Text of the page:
The relationship between the environment and economic growth is well documented globally. First, the environment provides resources to the economy and acts as a sink for emissions and waste. Second, natural resources are essential inputs for production in many sectors. Whereas these are known facts, environmental degradation in Uganda is a worrying trend. It is characterized by increased frequency and severity of extreme weather events such as floods and mudslides due to erratic rainfall.
In addition, prolonged drought in the northern and northeastern parts of the country is a reality. This is largely on account of the deterioration of Uganda’s forest cover, increased accumulation of greenhouse gasses that has escalated global warming resulting into erratic and extreme weather conditions that is collectively termed as climate change.
According to Bank of Uganda’s State of the Economy Report (December 2022), despite other factors such as Covid-19 and the Russia-Ukraine war that have had devastating effects on various economic activities in Uganda, hostile climatic conditions are a cardinal factor that significantly influences Uganda’s economy.
Why forest cover?
Uganda’s forest cover has been on the declining trend in the past two decades. According to Global Forest Watch, between 2000 and 2020 Uganda lost over 23% of its tree cover in both natural and planted forests and an average of 20.8 metric tons (mt) of greenhouse gas emissions in the atmosphere annually. In total, 438 mt of carbon dioxide was emitted in the same period.
Tree cover loss in Uganda is mainly attributed to rapid population growth and the need for land for settlement and agriculture, urbanisation, industrialisation and the increased demand for solid biomass for fuel. The Uganda National Household Survey (2019/2020) shows that 73% and 21% of households in Uganda use firewood and charcoal for cooking, respectively. Combined, biomass fuel (charcoal and firewood) constitute the main fuel for cooking in 94% of households in Uganda.
Forest cover loss has exposed Uganda to a number of hazards which have had significant impacts on the economy. According to World Bank statistics on climate change, floods impact nearly 50,000 people and cause the loss of over $62 million in GDP. According to Red Cross Uganda, the recent floods that hit the country in late April and early May 2023 displaced at least 13,000 people and caused 18 deaths. Various infrastructures like roads, bridges and electric transmission lines were destroyed in districts like Kisoro, Kabale, Kasese, Katakwi, Kanungu, Wakiso and, more recently, washed away part of the Kampala-Masaka road straddling the Katonga River.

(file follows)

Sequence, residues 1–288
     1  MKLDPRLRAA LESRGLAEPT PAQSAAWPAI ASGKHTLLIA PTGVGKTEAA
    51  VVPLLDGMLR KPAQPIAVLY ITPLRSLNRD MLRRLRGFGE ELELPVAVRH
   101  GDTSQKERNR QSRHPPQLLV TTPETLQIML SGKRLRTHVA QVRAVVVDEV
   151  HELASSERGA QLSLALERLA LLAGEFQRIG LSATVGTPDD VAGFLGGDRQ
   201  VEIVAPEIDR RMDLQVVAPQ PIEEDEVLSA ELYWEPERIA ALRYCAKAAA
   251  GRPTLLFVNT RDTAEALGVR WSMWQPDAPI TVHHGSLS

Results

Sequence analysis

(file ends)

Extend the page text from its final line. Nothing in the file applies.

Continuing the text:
It is against this background that all stakeholders must play an active role in restoring the tree cover and protecting the existing forests in Uganda. Government needs to come up with a comprehensive approach to reversing this trend. Policymakers, planners and private sector stakeholders all need to take environmental concerns more seriously and direct policy towards promoting the “green economy” we all dream about.
The whole-society approach involving everyone to protect the environment needs to be implemented. Institutions like schools, religious bodies, industries and government land should be used to restore tree cover. At individual level, people should adopt the practice of planting trees to commemorate their special days such as birthdays, introduction ceremonies or weddings. Through this, trees will be planted and the environment conserved.
The Uganda government should implement policies directed towards the conservation and development of forest resources with forest plantation as a key driver of forest restoration. This can be done by ensuring proper planning of urban settings with proper tree cover and management, as well as ensuring that industries take action to plant trees as a pollution control measure to reduce the impact of greenhouse gas emissions. This will promote a clean and healthy environment which is resilient to climate variability and change to improve the quality of life and protect against the natural hazards in the long run. Turning a deaf ear to the call for tree cover restoration and environmental conservation will only ensure that Uganda’s economy continues to thrive.